Yesterday, a casual discussion turned from a student’s progress in understanding electron hybridization of orbits to branching out into VESPR molecular geometry theory. It’s exactly what I want to be doing on a Friday morning before lunch. The scene transitioned into a planning discussion of upcoming Innovation Lab videos with the students organizing who was interviewing who and how to arrange the film segments. Mr. Belanger was demoted to note taker. I turned around as the meeting concluded to a queue of questions about algebraic defense arguments and aided them to utilize the proper vocabulary to express what the students already demonstrated to me that they knew. If I had only spent time reviewing more poetry and primary source citations, I would have had a full In Lab curriculum hour… but that was yesterday.
The past week has seen my research time focus on less about next year’s content, and more about how the individual students in Innovation Lab learn. Dr. Goldin remarked to me about how differentiation should be easy. In Innovation Lab, it is natural for teachers to go a step beyond and truly individualize content. The individualization doesn’t involve new worksheets and excessive content prep; it focuses on asking the right questions – or even better – the right questions being asked. We, as teachers, can’t be in the mode of “you should already know that” or even the dreaded “we can’t learn that yet.” We are not here to only teach the content, but to make sure the students know the content to the depth they WANT. As an Innovation Lab teacher, we do that for every student, and every student is doing something slightly different. One project with forty three variations.
I’m not sure how many times I’ve felt the blank stare start to glaze over
my eyes when the students ask me a question about something way out of my field, and I have to steel myself and say “Let’s figure this out together!” It’s not only about having them learn, but having them learn HOW to learn. The temptation to tell them how to do something is ingrained in how I approach so many parts of my job, and I confess that it slips out. But even then, a simple turn of a phrase has the student look at what they have produced and come up with their own approach to how their work can apply another way.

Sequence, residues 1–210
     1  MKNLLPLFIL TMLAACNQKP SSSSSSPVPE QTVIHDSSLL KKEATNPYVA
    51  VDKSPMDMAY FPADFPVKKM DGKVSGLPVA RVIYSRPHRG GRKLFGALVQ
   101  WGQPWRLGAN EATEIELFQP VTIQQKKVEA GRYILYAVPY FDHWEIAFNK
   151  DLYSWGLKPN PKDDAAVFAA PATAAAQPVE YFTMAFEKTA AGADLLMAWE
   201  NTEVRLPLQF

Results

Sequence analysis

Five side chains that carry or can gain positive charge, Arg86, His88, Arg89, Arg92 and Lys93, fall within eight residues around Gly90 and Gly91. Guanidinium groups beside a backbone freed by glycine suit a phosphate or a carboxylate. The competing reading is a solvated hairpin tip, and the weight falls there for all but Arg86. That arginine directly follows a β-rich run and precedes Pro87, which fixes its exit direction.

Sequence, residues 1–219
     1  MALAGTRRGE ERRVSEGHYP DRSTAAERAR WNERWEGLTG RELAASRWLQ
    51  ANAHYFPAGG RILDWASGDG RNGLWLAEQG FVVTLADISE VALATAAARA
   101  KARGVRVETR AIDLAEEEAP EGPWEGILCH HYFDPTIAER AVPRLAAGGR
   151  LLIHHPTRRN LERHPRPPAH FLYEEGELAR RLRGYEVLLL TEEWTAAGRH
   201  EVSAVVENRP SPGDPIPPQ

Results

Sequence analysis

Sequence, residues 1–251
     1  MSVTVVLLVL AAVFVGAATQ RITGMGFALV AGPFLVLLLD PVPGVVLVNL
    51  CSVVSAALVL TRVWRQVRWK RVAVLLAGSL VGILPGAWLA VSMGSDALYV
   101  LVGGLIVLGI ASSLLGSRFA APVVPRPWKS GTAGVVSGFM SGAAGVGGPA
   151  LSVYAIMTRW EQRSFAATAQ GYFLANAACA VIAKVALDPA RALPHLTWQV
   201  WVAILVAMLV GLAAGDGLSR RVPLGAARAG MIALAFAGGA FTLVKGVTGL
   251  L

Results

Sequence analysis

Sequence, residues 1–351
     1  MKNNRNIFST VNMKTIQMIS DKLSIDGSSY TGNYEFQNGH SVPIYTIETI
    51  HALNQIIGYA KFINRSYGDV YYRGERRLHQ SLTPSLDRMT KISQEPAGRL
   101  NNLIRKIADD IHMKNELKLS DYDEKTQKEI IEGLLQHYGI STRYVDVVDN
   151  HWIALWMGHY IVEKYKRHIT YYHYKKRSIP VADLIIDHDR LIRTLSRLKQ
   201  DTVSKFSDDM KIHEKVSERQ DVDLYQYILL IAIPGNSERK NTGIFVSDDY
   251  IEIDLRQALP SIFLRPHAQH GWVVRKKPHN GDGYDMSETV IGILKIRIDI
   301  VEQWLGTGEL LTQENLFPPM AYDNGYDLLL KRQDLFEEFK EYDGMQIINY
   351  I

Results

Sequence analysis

The Innovation Lab teachers have often remarked to me (and I, to them)
about how much we find ourselves learning every day. Content that may have been lost to the annals of standardized tests, now becomes important simply because a student needs it for their own purposes. We direct students to sources, and they start discussions to clarify personal understanding. Others still waffle between getting a project “done” for a grade and truly understanding. It’s fun to sit with those students for the extra fifteen minutes and, with the right guidance, they get both. There are even those who will always ask for direct answers and then they start to enjoy the “game” as we lead them down an exploratory path. All different, yet all driven by the the same motivations. Individualized differentiation. Not “by assessment” nor “by instruction”, nor “by content”, but for each students’ needs.
I never know what to expect when I walk into Innovation Lab. As I prepare for next year, I realize the flexibility that needs to be built into the physics program. Not just for the students, but for me as well. When one student may be working on a electric system to power and control a machine, another might be looking at an optical system to redirect light energy, and then I could be hit with something from way out in left field at any moment. In the trenches, you can’t always be sure of what is coming. We lay down the groundwork and guide them through, but in the end, the choices are their own.